There are currently 69 schools operated by the RSD. No SPS score, in 2009-10 was given for 31.4 percent of students in RSD-run schools, and 9.2 percent of RSD charters had no SPS score. Even after eliminating all of those low performing schools for lack of a baseline, the remaining RSD schools rank 62 among 63 SIPs.


                Of 341 schools earning letter grades of "A or "B, one from the RSD is listed in the LDOE rankings.  More than 25% of state schools ranked "A or "B.  Among the 278 schools achieving (B) baseline SPSs, the RSD had but five.


                A total of 366 schools earned "C baseline SPS, with but four RSD schools earning that grade.


                Amid the 627 schools with "D scores, RSD schools numbered 29 with most clustered among the lowest range of "D scores.  Only four of the RSD schools scoring "D were in the top quarter of all "D scored schools while 20 of the "D rated RSD schools were in the lowest quarter.


                There were 114 "F graded schools, however, 37 of those were alternative schools.  Within those 114 "F rated schools were 29 RSD schools.  Thus, 24.4% of all failing schools were operated by the state-run RSD, and 4.6% of "D schools were RSD. 


                Alternative schools and programs are designed to address the needs of students that typically cannot be met in regular schools. The students who attend alternative schools and programs are typically at risk of educational failure (as indicated by poor grades, truancy, disruptive behavior, pregnancy, or similar factors associated with temporary or permanent withdrawal from school).


                Many educators debate whether or not alternative schools should be a part of the regular school assessment system.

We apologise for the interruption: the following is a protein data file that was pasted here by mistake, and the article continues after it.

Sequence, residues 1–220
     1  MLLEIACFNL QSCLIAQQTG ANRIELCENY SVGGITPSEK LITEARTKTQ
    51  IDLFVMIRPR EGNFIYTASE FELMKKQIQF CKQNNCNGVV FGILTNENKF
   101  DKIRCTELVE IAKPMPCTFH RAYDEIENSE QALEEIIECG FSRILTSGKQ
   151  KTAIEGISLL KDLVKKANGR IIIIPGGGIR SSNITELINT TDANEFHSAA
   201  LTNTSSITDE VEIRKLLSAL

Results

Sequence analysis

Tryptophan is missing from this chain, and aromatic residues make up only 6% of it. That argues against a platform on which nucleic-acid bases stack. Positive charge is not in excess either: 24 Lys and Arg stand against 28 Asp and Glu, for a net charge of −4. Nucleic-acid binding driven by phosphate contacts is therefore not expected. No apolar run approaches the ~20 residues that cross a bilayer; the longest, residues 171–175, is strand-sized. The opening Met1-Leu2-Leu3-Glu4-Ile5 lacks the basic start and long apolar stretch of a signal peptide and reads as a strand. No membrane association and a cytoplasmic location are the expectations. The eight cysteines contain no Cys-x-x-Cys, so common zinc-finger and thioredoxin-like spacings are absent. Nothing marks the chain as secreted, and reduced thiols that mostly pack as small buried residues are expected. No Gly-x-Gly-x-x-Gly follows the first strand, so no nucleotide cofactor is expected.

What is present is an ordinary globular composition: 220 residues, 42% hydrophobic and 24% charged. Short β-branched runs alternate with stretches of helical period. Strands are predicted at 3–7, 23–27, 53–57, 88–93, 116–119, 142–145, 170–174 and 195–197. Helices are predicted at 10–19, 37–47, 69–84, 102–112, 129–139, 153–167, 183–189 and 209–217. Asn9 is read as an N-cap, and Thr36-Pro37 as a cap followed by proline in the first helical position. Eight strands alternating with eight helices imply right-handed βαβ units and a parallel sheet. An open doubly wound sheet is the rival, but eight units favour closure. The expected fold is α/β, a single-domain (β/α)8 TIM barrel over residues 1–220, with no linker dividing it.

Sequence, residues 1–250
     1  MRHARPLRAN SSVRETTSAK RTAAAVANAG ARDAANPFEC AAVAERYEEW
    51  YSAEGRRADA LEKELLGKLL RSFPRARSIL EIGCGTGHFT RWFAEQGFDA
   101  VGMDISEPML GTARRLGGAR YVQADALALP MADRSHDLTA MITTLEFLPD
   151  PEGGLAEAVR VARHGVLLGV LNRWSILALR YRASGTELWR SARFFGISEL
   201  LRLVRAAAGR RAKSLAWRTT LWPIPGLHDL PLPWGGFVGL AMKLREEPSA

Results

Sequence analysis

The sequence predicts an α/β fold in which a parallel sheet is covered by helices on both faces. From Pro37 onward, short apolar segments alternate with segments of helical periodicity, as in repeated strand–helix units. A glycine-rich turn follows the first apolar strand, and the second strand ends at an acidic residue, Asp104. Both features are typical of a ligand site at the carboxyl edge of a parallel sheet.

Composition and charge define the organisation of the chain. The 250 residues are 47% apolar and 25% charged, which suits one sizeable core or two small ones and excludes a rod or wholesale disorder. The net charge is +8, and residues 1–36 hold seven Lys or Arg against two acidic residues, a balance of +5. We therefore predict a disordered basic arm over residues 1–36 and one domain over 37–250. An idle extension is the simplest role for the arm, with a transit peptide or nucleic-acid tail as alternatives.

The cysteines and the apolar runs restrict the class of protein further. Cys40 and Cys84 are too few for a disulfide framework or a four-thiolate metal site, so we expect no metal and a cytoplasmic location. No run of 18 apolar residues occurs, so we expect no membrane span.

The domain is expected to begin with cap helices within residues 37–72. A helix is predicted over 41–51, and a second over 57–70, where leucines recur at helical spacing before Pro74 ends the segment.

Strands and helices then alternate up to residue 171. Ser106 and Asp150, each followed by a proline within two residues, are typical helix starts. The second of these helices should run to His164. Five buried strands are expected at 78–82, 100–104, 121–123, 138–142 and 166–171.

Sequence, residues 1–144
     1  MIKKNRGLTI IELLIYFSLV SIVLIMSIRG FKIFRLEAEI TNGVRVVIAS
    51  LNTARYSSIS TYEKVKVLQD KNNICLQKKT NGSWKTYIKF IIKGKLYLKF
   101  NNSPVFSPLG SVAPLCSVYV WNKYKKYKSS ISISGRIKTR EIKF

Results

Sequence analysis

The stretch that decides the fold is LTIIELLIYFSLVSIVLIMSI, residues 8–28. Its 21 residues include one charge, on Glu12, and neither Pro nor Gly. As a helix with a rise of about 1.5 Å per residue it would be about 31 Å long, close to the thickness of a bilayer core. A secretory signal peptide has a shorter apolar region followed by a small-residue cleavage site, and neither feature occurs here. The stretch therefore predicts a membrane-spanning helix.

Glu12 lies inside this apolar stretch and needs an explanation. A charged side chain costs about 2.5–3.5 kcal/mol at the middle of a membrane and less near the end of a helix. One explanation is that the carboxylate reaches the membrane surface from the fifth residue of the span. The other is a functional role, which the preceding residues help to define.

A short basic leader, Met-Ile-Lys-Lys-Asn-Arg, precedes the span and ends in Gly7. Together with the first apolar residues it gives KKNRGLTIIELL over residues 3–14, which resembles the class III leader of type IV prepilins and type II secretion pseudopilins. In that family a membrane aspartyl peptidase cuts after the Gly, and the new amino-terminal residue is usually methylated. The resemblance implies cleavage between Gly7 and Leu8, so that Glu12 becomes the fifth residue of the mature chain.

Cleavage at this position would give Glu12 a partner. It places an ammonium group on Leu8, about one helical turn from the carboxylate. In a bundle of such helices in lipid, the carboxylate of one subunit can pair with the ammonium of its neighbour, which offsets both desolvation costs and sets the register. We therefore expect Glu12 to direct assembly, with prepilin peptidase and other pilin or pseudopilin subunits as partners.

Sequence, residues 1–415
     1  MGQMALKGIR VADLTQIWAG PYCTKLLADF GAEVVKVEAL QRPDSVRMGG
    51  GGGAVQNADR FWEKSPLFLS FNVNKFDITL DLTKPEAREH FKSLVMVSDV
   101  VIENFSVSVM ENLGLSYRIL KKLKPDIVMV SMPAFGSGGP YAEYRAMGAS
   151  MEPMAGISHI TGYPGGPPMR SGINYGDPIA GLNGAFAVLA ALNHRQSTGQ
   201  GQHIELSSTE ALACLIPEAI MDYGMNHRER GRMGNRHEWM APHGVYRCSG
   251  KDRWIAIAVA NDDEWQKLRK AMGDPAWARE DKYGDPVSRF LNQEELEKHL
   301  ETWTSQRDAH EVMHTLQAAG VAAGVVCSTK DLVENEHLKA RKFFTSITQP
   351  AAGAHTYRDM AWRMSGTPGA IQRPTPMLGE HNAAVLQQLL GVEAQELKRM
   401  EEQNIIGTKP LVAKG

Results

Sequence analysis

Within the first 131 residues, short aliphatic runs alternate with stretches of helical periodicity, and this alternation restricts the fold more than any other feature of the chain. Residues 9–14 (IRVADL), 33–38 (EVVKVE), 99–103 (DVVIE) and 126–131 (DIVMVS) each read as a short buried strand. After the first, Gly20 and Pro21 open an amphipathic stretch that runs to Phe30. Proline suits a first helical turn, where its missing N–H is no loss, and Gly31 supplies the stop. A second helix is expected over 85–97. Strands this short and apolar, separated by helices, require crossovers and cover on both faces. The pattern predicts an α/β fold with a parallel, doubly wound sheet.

Gov. Jindal and his cabal of super-wealthy supporters are framing the school performance to further their campaign, nationally, to erode public support for public schools.  Their announced intent Is to further the interests of private school vouchers, tax credits to parents sending their children to private schools, and charters.  Many of the charters are selective admission institutions.  The results of these strategies is to create a resegregated school system with one segment for economically well to do families children, and another for the poorer segment of the population.


                The role of democratically elected local school boards is to be sacrificed in the conversion of an increasing number of local public schools into corporate profit centers that, on average, take more than 12% of school revenue to their profit line.


                Public school stakeholders, parents, teachers, principals, bus drivers must realize that the nature of public education in Louisiana is on the line in this years election.  Portraying public schools as failing is Gov. Jindals way to assumption of dictatorial powers over local schools.


Don Whittinghill